I can't get over this coincidence. These two founding fathers died on the same day within hours of each other....the most momentous anniversary of not only their lives but of ours as well.
I have come to the conclusion that John Adams was a true patriot who wanted only to serve his country in the only way he knew how......honestly.
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on March 1, 2004
A great deal has been written about the number two in this particular case. John Adams was not merely the second President of the United States, he was the father of yet another American president (John Quincy Adams) and a contemporary and colleague of such historical players as Thomas Jefferson (with whom Adams seemed to have an eerie and almost supernatural link), Benjamin Franklin and James Madison: all of whom take prominent roles in "John Adams," David McCullough's thorough and deservedly lengthy biography of the longest lived American president's life.
While the rich ground of Adams' life has been probed many, many, many times since his death on July 4th, 1826, no one has blasted as much life into this story as McCullough. The author understands exactly what it takes to breathe life into material that, in other hands, has the potential to be deadly boring. Reading "John Adams," you get the feeling that McCullough could write a biography on your neighbor the plumber and make it at least passably interesting. Working with a historical character like Adams, whose long life was filled with fascinating people and deeds and who lived at a time of great change, the result is little short of mesmerizing.
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on January 28, 2004
I thought the book was very well written, though I should disclose that I listened to the abridged audio version. In any case, I thought the book was great: informative, enjoyable, and with the right mix of macroscopic and microscopic detail. (I assume that the unabridged version goes into much greater detail, which I don't regret missing).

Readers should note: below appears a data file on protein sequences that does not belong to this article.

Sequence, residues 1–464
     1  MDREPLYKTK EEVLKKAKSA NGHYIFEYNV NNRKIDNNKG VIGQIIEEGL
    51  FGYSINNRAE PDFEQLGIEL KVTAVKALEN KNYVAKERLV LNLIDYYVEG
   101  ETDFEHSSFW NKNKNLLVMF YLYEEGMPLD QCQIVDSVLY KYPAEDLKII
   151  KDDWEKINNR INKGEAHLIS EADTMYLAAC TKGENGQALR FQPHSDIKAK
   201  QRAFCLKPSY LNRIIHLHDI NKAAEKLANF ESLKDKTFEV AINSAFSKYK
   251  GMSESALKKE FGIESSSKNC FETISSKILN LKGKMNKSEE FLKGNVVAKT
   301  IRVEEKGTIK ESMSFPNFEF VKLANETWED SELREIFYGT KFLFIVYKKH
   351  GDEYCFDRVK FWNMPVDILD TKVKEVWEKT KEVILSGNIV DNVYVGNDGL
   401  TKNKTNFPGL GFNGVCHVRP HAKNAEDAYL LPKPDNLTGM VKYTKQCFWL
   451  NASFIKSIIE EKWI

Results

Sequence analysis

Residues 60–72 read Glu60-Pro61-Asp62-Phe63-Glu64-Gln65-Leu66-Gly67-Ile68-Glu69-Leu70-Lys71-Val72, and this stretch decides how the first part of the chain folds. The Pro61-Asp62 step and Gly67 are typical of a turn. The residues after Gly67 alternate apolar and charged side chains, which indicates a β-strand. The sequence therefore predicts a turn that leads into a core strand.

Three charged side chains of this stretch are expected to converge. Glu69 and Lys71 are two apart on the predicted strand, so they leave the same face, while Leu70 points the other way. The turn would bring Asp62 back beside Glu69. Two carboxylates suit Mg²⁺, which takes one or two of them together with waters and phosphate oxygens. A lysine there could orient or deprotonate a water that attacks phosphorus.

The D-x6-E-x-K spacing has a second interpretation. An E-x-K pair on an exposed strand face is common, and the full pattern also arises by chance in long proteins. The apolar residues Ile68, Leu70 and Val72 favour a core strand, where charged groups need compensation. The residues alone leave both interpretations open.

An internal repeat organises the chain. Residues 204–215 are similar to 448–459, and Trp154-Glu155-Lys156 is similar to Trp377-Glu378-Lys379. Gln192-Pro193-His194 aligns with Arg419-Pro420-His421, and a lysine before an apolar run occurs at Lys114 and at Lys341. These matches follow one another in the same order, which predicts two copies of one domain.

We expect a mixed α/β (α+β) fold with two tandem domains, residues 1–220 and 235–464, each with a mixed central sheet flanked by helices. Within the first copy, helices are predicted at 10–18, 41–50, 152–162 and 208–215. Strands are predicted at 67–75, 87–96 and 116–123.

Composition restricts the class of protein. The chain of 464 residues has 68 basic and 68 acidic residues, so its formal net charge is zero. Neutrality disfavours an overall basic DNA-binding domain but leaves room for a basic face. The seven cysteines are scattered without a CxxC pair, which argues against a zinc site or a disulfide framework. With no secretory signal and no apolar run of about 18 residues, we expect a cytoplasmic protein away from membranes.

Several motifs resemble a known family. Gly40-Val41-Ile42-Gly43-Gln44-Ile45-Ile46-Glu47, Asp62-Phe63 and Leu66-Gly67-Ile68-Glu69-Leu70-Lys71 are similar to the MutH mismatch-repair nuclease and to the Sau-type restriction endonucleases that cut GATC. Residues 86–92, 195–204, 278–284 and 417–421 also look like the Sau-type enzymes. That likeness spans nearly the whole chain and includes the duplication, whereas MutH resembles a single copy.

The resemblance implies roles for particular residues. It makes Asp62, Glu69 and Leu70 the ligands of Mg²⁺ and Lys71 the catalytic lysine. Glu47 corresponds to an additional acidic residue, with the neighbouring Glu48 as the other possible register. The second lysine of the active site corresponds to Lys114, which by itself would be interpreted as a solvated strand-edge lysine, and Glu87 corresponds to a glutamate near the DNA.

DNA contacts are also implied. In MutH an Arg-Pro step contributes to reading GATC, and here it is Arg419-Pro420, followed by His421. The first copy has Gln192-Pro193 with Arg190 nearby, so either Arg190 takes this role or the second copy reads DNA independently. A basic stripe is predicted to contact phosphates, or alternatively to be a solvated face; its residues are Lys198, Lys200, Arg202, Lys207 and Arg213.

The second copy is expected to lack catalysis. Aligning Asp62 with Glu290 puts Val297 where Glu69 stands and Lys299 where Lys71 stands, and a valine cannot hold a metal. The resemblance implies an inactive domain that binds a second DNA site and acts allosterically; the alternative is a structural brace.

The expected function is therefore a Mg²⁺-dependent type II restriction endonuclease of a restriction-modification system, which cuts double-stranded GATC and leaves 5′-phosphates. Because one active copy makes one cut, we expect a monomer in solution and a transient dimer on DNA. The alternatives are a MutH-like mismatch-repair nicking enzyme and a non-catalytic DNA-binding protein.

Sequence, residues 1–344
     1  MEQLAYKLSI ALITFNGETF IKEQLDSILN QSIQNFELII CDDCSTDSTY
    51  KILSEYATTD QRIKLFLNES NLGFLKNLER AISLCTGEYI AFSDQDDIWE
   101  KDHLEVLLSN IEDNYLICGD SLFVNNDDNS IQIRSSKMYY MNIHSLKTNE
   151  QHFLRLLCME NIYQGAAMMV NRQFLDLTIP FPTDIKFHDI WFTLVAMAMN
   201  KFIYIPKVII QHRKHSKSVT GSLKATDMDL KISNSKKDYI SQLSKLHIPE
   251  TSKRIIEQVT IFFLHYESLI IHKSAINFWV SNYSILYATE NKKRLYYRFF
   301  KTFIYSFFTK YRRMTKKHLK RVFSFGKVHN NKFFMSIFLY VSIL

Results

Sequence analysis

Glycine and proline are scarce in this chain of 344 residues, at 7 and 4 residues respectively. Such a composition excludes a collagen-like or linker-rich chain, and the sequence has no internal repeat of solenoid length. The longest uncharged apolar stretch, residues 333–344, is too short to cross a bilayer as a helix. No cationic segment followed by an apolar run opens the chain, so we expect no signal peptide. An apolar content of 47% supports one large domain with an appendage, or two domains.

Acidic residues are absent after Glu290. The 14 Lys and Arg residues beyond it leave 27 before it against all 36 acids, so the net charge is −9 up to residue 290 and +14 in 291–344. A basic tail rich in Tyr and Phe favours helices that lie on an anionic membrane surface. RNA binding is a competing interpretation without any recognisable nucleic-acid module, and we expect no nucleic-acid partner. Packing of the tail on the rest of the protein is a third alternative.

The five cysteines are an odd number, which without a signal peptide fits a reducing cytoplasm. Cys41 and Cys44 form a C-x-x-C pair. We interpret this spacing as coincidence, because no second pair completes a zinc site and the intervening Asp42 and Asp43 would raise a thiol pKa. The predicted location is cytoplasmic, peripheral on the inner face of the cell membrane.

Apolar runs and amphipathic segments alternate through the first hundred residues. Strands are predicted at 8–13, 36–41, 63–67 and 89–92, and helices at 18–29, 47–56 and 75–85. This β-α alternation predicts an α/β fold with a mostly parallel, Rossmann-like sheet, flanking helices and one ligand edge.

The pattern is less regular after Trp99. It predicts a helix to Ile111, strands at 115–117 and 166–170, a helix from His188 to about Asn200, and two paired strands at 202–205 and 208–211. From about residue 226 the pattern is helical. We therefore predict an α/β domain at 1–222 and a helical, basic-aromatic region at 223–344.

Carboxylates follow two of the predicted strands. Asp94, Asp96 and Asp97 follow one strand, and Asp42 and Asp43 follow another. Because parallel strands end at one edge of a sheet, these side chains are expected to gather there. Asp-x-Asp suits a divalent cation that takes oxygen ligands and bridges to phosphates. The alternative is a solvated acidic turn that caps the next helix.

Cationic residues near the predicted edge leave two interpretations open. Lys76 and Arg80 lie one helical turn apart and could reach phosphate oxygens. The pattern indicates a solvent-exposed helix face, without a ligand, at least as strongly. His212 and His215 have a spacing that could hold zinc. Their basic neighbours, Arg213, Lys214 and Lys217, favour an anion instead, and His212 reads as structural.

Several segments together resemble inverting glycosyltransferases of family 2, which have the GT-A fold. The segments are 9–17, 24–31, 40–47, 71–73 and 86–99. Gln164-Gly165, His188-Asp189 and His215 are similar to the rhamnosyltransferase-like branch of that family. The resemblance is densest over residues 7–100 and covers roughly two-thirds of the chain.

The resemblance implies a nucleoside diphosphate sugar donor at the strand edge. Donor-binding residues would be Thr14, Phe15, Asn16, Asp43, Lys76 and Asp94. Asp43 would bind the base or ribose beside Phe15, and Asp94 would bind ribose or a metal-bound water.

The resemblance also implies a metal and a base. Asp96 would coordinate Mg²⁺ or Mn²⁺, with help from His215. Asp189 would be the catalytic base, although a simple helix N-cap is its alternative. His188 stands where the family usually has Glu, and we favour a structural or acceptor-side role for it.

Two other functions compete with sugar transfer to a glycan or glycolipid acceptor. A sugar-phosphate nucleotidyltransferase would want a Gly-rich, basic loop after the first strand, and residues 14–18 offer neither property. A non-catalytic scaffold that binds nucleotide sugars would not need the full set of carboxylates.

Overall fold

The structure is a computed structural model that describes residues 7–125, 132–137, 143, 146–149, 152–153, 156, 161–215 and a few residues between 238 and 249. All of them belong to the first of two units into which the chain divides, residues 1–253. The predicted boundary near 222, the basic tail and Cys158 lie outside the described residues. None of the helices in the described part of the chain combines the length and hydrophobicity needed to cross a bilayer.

In some reviews, McCullough is criticized for being too forgiving of Adams' personal and political faults. I disagree. In fact, my overriding impression of Adams after listening to this book was that I probably would not have liked him at all had I known him personally. For someone who esteemed humility in others, he was outwardly very arrogant. And despite his frequent claims to desire the simple life, he seemed continually determined to attain high office and personal glory, even at the expense of familial relationships. He often claimed to be unconcerned with how history would remember him, but I can't help but feel that many of his letters to Jefferson and even family members were tinted with attempts to reshape his reputation for posterity. One response from Jefferson in the book suggests that even T.J. suspected Adams' motives for wanting to rehash old battles in his letters.
To be fair, I do believe that Adams sincerely changed for the better once he was out of office and out of the limelight, and that he was finally able to enjoy the company of friends and family above power and prestige. I also gained new respect for the key role that he played in building the new nation.
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on November 27, 2003
I enjoyed the book, but impartial it's not. From McCullogh's viewpoint, the reason that no one liked Adams was because everyone else was a jerk. It's a fairly blunt observation, but I don't know how else to put it.
Adams was a man of integrity and history has given him short shrift, but this defense is too vigorous. According to McCullogh, Adams' failings in France and England and during his first term in office had nothing to do with Adams and all to do with Jefferson and Franklin.
Never mind that Adams wasted much of his political capital in a fierce battle on what to call Washington (Mr. President).
Adams was a man of integrity that kept us out of war and who was a keen architect of our form of government. But he was a lousy diplomat and an average politician.
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on June 17, 2004
This book is one of the best of any kind I have ever read. It has received high praise, including a Pulitzer Prize, all of which is richly deserved. McCullough paints a vivid picture of Adams and his greatness while also showing his human weaknesses. The book draws heavily on Adams's written correspondence with his wife and with Jefferson, giving a wonderful insight into not just his political ideas, but his personal relationships. I also found the descriptions of life during the 1700s to be particularly compelling. It was a much different world than the one we live in today and McCullough artfully brings that world to life. I really can't say enough good things about this book.